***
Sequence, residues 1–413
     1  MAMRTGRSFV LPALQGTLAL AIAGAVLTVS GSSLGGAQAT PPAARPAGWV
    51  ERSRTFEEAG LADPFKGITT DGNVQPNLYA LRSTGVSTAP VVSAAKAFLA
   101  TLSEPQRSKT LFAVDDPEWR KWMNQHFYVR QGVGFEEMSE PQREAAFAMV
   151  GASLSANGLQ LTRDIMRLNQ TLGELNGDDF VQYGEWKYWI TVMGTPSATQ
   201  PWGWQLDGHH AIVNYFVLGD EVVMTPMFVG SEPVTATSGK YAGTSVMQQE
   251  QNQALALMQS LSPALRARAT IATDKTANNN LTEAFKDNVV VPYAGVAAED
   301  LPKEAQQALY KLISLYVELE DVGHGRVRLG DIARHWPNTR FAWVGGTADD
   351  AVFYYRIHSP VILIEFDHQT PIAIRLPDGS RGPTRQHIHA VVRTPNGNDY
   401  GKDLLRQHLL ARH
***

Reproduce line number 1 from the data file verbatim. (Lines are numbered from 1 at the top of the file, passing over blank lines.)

Sequence, residues 1–413